The National Army Museum welcomes Dr. Glenn Williams to discuss one of America’s last colonial conflicts: Lord Dunmore’s War. This 1774 campaign against a Shawnee-led Indian confederacy in the Ohio Country marked the final time an American colonial militia took to the field in the king’s service and under royal command. Led by John Murray, the fourth Earl of Dunmore and royal governor of Virginia, a force of colonials successfully enforced the western border established by treaties in parts of present-day West Virginia and Kentucky. The campaign is often neglected in histories, despite its major influence on the conduct of the Revolutionary War that followed. Award-winning historian Glenn Williams will discuss the course and importance of this campaign, supported by extensive primary source research to correct much of the folklore concerning the war and frontier fighting in general. He demonstrates that the Americans did not adopt Indian tactics for wilderness fighting as is often supposed, but rather used British methods developed for fighting irregulars in the woods of Europe, while incorporating certain techniques learned from the Indians and experience gained from earlier colonial wars.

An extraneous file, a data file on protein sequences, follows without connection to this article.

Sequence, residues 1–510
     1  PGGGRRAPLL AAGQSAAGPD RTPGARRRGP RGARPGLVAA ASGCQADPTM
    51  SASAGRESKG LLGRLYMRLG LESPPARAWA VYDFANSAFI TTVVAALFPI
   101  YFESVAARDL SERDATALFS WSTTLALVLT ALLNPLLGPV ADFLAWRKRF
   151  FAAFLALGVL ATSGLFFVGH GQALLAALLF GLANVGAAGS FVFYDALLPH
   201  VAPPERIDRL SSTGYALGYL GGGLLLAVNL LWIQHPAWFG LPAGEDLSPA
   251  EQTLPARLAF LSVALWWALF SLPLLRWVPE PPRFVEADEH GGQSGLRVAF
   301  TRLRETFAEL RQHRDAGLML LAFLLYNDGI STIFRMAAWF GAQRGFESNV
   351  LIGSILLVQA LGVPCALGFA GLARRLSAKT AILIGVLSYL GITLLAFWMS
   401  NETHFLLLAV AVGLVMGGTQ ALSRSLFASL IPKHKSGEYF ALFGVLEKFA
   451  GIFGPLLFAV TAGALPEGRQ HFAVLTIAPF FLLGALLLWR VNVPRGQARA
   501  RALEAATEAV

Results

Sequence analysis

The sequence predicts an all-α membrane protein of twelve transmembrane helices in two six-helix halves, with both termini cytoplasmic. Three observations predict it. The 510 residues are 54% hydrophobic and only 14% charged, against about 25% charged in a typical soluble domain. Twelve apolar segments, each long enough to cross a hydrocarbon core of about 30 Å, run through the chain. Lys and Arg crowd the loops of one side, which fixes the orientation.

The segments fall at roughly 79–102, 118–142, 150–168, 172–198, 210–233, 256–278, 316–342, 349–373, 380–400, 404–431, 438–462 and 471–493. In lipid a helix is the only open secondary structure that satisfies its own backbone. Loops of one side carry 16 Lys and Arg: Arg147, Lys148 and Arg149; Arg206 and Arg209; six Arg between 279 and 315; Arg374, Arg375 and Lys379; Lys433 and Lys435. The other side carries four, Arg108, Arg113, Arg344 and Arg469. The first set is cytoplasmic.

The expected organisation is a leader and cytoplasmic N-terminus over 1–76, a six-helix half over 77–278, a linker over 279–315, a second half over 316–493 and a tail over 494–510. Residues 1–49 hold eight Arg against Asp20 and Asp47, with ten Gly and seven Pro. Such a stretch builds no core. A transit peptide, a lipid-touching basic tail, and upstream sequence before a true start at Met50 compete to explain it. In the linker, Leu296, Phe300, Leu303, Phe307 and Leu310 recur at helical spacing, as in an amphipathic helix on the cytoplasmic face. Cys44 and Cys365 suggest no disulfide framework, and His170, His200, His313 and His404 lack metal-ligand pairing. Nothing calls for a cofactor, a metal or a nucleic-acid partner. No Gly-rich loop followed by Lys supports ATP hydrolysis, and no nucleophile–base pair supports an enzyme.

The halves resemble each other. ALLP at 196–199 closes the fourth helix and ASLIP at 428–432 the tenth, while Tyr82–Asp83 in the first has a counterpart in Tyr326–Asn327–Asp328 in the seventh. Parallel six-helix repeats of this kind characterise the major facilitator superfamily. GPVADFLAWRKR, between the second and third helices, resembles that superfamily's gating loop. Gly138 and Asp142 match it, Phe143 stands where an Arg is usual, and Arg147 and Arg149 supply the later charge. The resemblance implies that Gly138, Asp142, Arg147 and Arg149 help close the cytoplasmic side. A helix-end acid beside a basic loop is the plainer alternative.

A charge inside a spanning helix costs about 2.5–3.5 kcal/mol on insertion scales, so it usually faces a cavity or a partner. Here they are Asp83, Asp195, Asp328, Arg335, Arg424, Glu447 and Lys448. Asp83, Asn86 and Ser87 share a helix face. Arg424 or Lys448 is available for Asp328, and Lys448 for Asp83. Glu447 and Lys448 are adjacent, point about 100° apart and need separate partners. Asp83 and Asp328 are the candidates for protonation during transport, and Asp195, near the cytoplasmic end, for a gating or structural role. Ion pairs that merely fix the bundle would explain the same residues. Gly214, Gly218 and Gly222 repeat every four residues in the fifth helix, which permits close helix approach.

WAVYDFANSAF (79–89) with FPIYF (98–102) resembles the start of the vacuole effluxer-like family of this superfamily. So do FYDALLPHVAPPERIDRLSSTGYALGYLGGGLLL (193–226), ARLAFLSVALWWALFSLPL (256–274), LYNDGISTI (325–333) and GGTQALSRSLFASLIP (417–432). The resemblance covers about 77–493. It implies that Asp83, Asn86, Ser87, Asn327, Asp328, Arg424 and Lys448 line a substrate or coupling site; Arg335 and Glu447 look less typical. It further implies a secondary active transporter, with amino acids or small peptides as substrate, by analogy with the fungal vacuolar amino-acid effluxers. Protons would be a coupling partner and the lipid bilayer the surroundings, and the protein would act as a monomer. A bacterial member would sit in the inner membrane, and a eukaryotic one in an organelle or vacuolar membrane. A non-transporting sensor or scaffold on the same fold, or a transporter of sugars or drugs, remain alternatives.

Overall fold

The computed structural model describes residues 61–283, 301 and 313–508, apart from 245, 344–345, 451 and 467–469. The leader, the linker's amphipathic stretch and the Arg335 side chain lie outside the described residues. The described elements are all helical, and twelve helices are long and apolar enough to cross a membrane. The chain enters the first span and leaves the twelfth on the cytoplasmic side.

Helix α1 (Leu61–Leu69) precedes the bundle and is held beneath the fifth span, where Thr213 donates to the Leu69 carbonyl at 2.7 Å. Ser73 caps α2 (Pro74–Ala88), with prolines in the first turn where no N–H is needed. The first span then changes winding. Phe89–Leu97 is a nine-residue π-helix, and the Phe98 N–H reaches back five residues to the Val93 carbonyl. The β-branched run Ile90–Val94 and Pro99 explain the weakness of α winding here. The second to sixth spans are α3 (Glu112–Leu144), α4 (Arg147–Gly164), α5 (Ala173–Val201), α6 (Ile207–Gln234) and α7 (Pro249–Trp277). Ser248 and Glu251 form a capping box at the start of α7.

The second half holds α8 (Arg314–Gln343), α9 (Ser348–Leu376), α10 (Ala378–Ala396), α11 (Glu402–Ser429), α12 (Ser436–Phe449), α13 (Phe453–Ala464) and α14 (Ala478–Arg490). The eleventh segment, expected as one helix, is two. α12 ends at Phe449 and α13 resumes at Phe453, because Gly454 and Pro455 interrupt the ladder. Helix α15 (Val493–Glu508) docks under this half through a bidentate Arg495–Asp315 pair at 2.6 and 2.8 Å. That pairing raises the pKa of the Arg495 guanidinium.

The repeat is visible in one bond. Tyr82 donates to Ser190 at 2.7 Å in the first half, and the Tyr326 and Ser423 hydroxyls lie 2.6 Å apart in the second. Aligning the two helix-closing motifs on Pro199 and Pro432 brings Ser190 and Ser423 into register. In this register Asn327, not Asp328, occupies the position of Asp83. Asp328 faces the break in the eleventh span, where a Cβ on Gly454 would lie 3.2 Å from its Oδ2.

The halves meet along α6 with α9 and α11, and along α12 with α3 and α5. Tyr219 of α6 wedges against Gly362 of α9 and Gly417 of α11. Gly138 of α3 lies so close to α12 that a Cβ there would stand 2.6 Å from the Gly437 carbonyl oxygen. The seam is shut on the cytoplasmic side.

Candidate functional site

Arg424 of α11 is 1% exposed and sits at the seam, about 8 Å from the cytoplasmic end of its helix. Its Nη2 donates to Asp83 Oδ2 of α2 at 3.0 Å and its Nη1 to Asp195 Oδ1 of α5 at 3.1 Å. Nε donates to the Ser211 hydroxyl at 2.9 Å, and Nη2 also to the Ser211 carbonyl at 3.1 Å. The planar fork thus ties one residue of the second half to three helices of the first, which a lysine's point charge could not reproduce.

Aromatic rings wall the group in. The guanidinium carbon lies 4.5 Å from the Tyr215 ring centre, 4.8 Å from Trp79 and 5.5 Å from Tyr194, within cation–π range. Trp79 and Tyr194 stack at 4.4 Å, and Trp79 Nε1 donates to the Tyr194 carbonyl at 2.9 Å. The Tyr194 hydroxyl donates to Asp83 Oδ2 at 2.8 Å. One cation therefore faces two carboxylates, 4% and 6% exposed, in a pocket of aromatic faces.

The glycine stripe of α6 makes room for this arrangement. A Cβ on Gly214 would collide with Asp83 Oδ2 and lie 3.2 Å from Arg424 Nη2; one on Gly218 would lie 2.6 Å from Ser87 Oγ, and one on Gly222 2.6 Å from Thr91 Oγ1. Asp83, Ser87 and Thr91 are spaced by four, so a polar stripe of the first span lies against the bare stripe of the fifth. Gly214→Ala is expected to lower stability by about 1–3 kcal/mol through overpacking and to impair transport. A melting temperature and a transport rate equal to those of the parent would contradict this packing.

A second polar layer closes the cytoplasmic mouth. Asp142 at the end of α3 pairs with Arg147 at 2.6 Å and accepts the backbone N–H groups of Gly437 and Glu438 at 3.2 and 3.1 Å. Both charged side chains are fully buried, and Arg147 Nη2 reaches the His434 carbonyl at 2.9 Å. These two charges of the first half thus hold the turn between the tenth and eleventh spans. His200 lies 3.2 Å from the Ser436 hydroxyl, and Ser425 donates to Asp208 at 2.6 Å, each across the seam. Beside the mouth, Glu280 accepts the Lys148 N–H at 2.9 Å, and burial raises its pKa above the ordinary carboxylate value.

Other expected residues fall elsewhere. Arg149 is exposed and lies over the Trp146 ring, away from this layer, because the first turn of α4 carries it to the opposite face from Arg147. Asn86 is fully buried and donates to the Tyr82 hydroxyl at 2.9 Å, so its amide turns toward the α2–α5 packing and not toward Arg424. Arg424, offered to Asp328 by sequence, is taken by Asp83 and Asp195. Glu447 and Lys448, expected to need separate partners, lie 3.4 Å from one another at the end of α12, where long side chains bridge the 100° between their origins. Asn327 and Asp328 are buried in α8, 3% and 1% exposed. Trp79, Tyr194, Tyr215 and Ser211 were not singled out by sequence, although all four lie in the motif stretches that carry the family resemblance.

Glenn F. Williams is a historian at the U.S. Army Center of Military History, Fort McNair, Washington, D.C. He has served as the historian of the National Museum of the U.S. Army Project, the Army Lewis and Clark Bicentennial Commemoration, and the National Park Service’s American Battlefield Protection Program. He holds a Ph.D. in history from the University of Maryland.
October 19 @ 12:00
12:00 pm — 1:00 pm (1h)
Dr. Glenn F. Williams